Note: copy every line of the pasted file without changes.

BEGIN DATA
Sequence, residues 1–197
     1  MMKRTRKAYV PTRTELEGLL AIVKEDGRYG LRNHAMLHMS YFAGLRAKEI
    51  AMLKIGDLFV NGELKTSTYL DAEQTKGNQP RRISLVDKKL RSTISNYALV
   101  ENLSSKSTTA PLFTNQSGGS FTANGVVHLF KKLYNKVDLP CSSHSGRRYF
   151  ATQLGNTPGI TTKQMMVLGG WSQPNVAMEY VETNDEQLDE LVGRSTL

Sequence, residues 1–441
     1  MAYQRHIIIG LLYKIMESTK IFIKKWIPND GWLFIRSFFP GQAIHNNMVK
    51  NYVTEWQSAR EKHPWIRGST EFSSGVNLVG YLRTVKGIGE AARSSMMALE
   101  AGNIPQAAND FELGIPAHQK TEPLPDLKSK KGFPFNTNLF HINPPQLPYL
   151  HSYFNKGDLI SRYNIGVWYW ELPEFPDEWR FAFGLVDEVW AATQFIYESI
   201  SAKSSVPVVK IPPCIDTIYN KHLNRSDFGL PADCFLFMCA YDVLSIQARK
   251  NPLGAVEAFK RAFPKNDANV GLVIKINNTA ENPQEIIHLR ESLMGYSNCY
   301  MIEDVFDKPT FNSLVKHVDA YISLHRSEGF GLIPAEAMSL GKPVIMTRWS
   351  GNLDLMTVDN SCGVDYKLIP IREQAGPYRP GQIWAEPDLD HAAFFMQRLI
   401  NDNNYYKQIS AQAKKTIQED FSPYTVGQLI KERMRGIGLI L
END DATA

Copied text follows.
Sequence, residues 1–197
     1  MMKRTRKAYV PTRTELEGLL AIVKEDGRYG LRNHAMLHMS YFAGLRAKEI
    51  AMLKIGDLFV NGELKTSTYL DAEQTKGNQP RRISLVDKKL RSTISNYALV
   101  ENLSSKSTTA PLFTNQSGGS FTANGVVHLF KKLYNKVDLP CSSHSGRRYF
   151  ATQLGNTPGI TTKQMMVLGG WSQPNVAMEY VETNDEQLDE LVGRSTL

Sequence, residues 1–441
     1  MAYQRHIIIG LLYKIMESTK IFIKKWIPND GWLFIRSFFP GQAIHNNMVK
    51  NYVTEWQSAR EKHPWIRGST EFSSGVNLVG YLRTVKGIGE AARSSMMALE
   101  AGNIPQAAND FELGIPAHQK TEPLPDLKSK KGFPFNTNLF HINPPQLPYL
   151  HSYFNKGDLI SRYNIGVWYW ELPEFPDEWR FAFGLVDEVW AATQFIYESI
   201  SAKSSVPVVK IPPCIDTIYN KHLNRSDFGL PADCFLFMCA YDVLSIQARK
   251  NPLGAVEAFK RAFPKNDANV GLVIKINNTA ENPQEIIHLR ESLMGYSNCY
   301  MIEDVFDKPT FNSLVKHVDA YISLHRSEGF GLIPAEAMSL GKPVIMTRWS
   351  GNLDLMTVDN SCGVDYKLIP IREQAGPYRP GQIWAEPDLD HAAFFMQRLI
   401  NDNNYYKQIS AQAKKTIQED FSPYTVGQLI KERMRGIGLI L